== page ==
Finally, as with full-service care, employers shouldn’t rely on parents to fund the cost of a backup center benefit. As an incentive for use, companies usually choose to keep parents’ co-payments low, and these fees can cover only a small fraction of the cost of the benefit, usually ranging from 1 to 10 percent of the employer’s investment.
For many employers, backup child care may be a trend whose time has come. For Mehrtens, whose nanny had to return home, backup care saved the day. “I don’t know what I would have done without it,” she says.
Melissa Hennessy is a freelance writer in Grafton, Massachusetts.
Handle with Care
Once expected to become the next “hot” benefit provided to employees, employer-sponsored child care has largely failed to take off for two reasons: high costs and liability concerns associated with building and operating full-care centers.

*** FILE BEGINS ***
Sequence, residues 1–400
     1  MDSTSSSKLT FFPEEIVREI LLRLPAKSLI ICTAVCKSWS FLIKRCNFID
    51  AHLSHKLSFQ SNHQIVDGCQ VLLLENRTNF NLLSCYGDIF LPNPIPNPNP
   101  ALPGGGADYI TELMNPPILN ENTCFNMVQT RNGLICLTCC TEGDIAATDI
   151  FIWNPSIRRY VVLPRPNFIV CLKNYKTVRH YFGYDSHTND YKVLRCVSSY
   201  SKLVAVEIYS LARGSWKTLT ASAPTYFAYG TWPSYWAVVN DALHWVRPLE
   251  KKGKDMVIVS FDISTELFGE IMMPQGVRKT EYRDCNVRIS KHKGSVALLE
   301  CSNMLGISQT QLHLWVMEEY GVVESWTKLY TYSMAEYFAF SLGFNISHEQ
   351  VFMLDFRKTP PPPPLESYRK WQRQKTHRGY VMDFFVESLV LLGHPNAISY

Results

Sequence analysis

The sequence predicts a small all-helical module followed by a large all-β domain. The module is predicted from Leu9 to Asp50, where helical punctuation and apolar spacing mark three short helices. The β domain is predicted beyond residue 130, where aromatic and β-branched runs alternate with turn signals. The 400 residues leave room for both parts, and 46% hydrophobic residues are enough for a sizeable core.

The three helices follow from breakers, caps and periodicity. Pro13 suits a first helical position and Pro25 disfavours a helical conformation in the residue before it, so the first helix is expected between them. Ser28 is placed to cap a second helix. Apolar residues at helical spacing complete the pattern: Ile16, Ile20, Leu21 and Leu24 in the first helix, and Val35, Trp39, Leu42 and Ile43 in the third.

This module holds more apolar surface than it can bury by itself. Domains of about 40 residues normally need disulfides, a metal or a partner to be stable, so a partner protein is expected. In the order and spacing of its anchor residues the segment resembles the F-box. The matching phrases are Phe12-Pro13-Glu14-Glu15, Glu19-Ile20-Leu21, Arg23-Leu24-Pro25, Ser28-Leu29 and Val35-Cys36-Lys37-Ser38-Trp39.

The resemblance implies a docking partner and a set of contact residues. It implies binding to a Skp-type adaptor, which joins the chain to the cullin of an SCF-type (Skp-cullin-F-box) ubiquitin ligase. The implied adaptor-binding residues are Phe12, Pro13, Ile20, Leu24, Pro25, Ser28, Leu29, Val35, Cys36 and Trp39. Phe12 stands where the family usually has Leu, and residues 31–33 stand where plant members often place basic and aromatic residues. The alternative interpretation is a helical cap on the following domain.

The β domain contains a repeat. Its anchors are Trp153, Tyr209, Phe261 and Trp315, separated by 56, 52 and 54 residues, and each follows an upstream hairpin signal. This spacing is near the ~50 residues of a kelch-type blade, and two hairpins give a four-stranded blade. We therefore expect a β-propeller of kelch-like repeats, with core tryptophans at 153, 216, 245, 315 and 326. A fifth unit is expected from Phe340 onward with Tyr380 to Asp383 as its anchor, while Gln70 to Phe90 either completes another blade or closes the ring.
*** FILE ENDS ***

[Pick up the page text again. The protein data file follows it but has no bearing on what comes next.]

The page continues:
For some companies, however, offering state-of-the-art, full-service child care has more to do with corporate culture than with verifiable return on investment. The Islandia, New York, headquarters of Computer Associates International Inc. boasts a 110,000-square-foot (including indoor and outdoor space), full-service center serving 370 children. The center, heavily subsidized by the company, features a high-quality, educationally focused curriculum and employs 115 teachers, who are all on CA’s payroll. “We really want to be different—a unique and special place to work,” says Lisa Mars, CA’s vice president for corporate child care. “I’m not aware of many other companies willing to commit the dollars and effort to running this type of program.” CA has six child-care centers that serve more than 600 children.